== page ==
Riders face biggest trial

Riders face biggest trial

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Ben and Jack Walling are looking for a new stomping ground so they can continue with their plans of world domination.

Ben Walling and his brother Jack stand on the precipice of Moto Trials greatness.

The Cardup boys have already reached the pinnacle of their sport in Australia as age champions.

But coach and Moto Trials legend Neil Price said they both have the potential to reach the World Championships.

“It’s rare to find local kids with the promise, drive, determination and willingness to put the work in that these guys show,” he said.

Fifteen-year-old Ben recently had his first taste of international competition when he competed in Trial 3 of the FIM Trial World Championships in Spain in April where he came in 14th place.

“To make it inside the top 20 is a big effort,” Neil said.

“You need to train at least five days a week to reach this level.”

The boys’ Mum Leeann Walling said when Ben isn’t riding, he’s usually working on other translatable skills.

“They put everything into this. He’s up at 6am every morning doing balance training,” she said.

In spite of the passion and determination the Walling brothers show, something outside their control threatens to derail their efforts.

Until last year the pair trained at the Immediate Metals Quarry in Jarrahdale, culminating in their respective wins at the Australian Trial Championships at the same site.

It had the perfect combination of vertical rock formations to challenge riders of all skill levels, and many trial riders speak of it fondly.

But training at the quarry is now no longer an option, and if a suitable alternative is not found soon then their ambitions of world domination could fall to the bottom of the heap.

“If I can’t train then I can’t get better. And if I can’t get to the level, I need then my dreams are over,” Ben said.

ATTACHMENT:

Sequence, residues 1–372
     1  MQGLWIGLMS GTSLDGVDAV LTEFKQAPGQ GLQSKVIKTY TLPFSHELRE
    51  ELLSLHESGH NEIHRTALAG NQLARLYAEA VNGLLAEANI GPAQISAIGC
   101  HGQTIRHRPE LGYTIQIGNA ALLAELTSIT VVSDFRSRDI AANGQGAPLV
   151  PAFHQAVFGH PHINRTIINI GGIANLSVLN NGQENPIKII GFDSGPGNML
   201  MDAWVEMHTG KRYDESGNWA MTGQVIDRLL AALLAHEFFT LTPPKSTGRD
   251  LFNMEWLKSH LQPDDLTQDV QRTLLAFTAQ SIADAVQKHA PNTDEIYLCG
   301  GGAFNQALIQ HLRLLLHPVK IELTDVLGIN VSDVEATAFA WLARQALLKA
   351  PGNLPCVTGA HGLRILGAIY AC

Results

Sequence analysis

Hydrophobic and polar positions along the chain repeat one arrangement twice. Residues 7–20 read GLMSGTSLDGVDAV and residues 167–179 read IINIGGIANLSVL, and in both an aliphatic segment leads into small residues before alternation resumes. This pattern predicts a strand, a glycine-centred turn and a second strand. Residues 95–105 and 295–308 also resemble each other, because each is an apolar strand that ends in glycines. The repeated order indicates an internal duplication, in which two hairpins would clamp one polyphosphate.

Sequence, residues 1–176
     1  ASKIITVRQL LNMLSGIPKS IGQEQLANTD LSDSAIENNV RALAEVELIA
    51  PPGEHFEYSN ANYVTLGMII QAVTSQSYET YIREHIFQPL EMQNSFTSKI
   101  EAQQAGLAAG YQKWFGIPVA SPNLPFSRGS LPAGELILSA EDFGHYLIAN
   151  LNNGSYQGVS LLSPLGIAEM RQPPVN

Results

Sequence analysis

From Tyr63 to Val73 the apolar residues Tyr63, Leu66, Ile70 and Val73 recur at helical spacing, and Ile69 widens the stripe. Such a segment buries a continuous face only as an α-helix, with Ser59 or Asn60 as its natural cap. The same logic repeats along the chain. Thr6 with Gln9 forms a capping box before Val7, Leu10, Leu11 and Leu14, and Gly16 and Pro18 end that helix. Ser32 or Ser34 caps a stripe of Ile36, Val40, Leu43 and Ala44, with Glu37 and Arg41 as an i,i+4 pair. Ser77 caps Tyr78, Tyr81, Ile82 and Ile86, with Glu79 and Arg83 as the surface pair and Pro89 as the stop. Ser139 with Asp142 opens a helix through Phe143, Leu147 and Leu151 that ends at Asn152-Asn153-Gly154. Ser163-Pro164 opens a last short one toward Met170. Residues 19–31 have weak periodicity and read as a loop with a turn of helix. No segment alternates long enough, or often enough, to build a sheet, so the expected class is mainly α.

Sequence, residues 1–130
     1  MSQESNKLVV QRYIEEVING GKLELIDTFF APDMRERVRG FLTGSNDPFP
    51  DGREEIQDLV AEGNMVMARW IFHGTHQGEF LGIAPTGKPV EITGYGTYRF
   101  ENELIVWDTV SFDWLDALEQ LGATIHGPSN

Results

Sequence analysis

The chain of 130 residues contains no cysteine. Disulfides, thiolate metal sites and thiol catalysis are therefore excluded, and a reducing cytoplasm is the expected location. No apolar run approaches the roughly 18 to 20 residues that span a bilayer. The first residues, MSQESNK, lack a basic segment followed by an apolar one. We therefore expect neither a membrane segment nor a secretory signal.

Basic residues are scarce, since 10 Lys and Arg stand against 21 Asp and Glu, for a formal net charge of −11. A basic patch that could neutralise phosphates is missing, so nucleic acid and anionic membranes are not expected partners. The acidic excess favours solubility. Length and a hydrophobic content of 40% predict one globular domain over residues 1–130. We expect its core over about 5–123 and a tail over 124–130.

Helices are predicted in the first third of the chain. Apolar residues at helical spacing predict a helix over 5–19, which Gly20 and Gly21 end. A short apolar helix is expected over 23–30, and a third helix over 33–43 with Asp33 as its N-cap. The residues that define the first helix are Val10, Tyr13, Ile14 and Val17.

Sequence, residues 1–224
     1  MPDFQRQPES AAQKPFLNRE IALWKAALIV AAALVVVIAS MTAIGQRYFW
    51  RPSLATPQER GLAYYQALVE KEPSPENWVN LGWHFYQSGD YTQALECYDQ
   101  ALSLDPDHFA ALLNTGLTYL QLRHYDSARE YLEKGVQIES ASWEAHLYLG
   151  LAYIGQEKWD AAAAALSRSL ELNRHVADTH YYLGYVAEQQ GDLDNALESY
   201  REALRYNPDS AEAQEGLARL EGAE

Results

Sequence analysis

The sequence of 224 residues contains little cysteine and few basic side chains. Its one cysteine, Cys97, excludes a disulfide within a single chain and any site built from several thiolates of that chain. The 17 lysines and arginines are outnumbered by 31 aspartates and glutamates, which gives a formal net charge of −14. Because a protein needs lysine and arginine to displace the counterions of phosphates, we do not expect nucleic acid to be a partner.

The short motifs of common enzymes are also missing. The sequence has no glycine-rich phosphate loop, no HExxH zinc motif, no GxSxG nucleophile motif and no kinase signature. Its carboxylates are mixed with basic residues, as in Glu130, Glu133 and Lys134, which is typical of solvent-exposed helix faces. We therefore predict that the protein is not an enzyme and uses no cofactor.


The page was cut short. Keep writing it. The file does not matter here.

Eleven-year-old Jack will be impacted too.

“At the moment I can train at home. But soon I’ll be able to do everything and I’ll need more,” he said.

“[Moto Trials] means a bit to me. I could make a living out of this.”

Parents Leeann and Frank said it would be devastating for this to be the end of their journey.

“After all the time, effort, and money we’ve poured in, and also the passion and determination the boys have showed, it would be absolutely heartbreaking. Ben wants to be world champion,” Leeann said.

So, the hunt is on for a piece of land that they can maintain as their hub.

Neil says they don’t require a large tract of land; Moto Trials is slow and controlled – like “parkour on a motorcycle”.

“It has a low impact on the environment compared to other motorbike sports, and it has a lower impact on riders too,” he said.

Frank says the perfect patch would be natural terrain – steep and rocky.

“We want the bits that farmers fence off and don’t use because they can’t do anything with it,” he said.

He said he’s happy to sign indemnities and waivers, and happy to pay fair compensation.

“We’re not there to hurt anyone, just improve our skills,” he said.

Member for Darling Range Hugh Jones who attended the national competition last year is happy to help advocate for the boys and for the sport.

“I am interested in raising the profile of the sport in WA and seek opportunities to integrate trials riding in existing and proposed off-road venues. I also hope local landowners might consider making their own properties available to the Walling boys to expose them to new and increasingly difficult obstacles, allowing them to further improve their skills to become internationally competitive in this incredible sport,” he said.

“I want to see the people in our electorate, especially young people, realise their potential, and be recognised for their achievements. The Walling family has invested a great deal to give their boys the opportunity to succeed, and I want to help them go as far as they can in their chosen sport. Who wouldn’t want to be part of the backstory of a world champion?”

“With local clubs and the 2018 and 2022 events held in Jarrahdale showing popular support, I believe the sport has great potential in Darling Range and the state.”